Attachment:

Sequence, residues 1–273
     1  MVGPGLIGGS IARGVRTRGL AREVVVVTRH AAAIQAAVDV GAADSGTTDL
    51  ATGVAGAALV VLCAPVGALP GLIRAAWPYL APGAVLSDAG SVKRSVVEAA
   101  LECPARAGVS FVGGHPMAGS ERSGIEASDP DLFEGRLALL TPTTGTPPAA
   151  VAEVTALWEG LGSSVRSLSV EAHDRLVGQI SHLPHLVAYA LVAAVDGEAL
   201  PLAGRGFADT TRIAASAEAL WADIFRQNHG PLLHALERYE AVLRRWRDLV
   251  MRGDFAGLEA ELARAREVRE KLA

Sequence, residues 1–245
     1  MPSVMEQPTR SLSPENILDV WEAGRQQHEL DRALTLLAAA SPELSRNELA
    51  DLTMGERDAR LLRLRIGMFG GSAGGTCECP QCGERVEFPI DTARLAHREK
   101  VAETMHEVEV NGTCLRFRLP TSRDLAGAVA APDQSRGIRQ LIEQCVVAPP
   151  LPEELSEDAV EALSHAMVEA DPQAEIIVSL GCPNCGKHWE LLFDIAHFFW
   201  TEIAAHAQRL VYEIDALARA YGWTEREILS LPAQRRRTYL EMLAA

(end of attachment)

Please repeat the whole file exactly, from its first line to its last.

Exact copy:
Sequence, residues 1–273
     1  MVGPGLIGGS IARGVRTRGL AREVVVVTRH AAAIQAAVDV GAADSGTTDL
    51  ATGVAGAALV VLCAPVGALP GLIRAAWPYL APGAVLSDAG SVKRSVVEAA
   101  LECPARAGVS FVGGHPMAGS ERSGIEASDP DLFEGRLALL TPTTGTPPAA
   151  VAEVTALWEG LGSSVRSLSV EAHDRLVGQI SHLPHLVAYA LVAAVDGEAL
   201  PLAGRGFADT TRIAASAEAL WADIFRQNHG PLLHALERYE AVLRRWRDLV
   251  MRGDFAGLEA ELARAREVRE KLA

Sequence, residues 1–245
     1  MPSVMEQPTR SLSPENILDV WEAGRQQHEL DRALTLLAAA SPELSRNELA
    51  DLTMGERDAR LLRLRIGMFG GSAGGTCECP QCGERVEFPI DTARLAHREK
   101  VAETMHEVEV NGTCLRFRLP TSRDLAGAVA APDQSRGIRQ LIEQCVVAPP
   151  LPEELSEDAV EALSHAMVEA DPQAEIIVSL GCPNCGKHWE LLFDIAHFFW
   201  TEIAAHAQRL VYEIDALARA YGWTEREILS LPAQRRRTYL EMLAA